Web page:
Faced with this unfortunate reality, the Fed tried to support growth in indirect, experimental ways. By injecting liquidity using multiple means, it raised financial asset prices well above what the economy’s fundamentals warranted. The Fed hoped that this would make certain segments of the population (asset holders) feel richer, enticing them to spend more and encouraging companies to invest more.
But such “wealth effects” and “animal spirits” proved quite feeble. So, the Fed felt compelled to do more of the same, which led to a host of unintended consequences and risks of collateral damage that I discussed in some detail in my book The Only Game in Town.
The European Central Bank (ECB)—second only in systemic importance to the Fed—has followed a similar path, though with even more unconventional monetary policies, including negative interest rates (that is, charging savers rather than borrowers). Again, the impact on growth has been rather subdued, and the costs and risks of such measures are mounting.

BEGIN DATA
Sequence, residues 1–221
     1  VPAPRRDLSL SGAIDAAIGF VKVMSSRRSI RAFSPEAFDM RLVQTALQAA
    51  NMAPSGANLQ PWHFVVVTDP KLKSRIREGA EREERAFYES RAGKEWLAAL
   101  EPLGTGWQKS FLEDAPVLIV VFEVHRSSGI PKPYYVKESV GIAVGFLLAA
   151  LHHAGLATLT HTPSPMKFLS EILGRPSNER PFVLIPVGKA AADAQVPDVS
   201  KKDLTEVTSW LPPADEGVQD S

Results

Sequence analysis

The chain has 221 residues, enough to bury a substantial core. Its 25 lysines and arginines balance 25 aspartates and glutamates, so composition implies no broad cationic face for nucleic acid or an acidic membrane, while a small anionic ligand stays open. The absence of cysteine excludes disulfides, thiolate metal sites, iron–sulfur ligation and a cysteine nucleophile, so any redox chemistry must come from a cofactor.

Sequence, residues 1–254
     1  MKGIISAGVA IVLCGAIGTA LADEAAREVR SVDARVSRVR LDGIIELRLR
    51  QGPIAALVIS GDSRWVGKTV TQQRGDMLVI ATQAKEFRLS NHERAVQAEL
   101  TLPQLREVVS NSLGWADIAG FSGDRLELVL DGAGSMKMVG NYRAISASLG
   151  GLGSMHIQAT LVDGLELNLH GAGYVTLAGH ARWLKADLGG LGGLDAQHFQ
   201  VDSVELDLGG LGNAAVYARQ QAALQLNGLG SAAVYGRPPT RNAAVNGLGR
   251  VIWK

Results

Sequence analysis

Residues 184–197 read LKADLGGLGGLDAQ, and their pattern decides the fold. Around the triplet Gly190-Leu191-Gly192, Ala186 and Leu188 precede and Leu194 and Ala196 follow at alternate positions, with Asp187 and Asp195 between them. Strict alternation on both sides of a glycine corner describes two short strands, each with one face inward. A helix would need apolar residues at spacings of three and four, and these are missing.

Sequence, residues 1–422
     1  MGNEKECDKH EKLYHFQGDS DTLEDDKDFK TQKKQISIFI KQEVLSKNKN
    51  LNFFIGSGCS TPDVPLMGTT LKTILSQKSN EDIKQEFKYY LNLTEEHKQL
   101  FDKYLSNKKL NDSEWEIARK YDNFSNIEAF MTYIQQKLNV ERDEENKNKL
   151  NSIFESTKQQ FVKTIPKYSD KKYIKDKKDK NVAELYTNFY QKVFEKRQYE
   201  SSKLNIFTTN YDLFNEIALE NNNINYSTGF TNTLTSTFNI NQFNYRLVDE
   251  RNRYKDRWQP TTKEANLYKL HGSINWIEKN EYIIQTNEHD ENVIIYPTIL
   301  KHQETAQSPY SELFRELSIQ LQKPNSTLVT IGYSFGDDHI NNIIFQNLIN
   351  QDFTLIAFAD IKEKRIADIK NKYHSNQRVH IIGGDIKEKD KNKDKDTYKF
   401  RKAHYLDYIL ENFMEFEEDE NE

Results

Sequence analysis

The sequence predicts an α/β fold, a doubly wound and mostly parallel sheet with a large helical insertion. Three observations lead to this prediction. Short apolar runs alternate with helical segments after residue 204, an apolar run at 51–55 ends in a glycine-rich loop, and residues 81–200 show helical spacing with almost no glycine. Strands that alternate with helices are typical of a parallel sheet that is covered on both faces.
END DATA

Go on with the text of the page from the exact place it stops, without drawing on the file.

Both central banks—and especially the ECB under outgoing President Mario Draghi—have stressed the importance of a timely policy hand-off to more comprehensive pro-growth measures. Yet their pleas have fallen on deaf ears. Today, neither the Fed nor the ECB is anticipating that other policymakers will take over any time soon. Instead, both are busy designing another round of stimulus that will involve even more political and policy risks.
Other risks are already giving central bankers headaches. The protracted Brexit process is hampering the Bank of England’s longer-term policy strategy, while the short-term impact on global growth of governments’ weaponisation of trade tariffs is complicating the task of both the Fed and the ECB.
Meanwhile, some pro-growth policies currently being mooted could, if not well designed, increase the risk of disruptive financial instability and thus further complicate central bankers’ task. The notion of a “people’s QE”—that is, a more direct channelling of central-bank funding to the population—is getting more attention from both sides of the political spectrum. So is the related Modern Monetary Theory, which would explicitly subjugate central banks to finance ministries at a time when the concept of a universal basic income is also attracting growing interest and there is a need to reassess the wage determination process.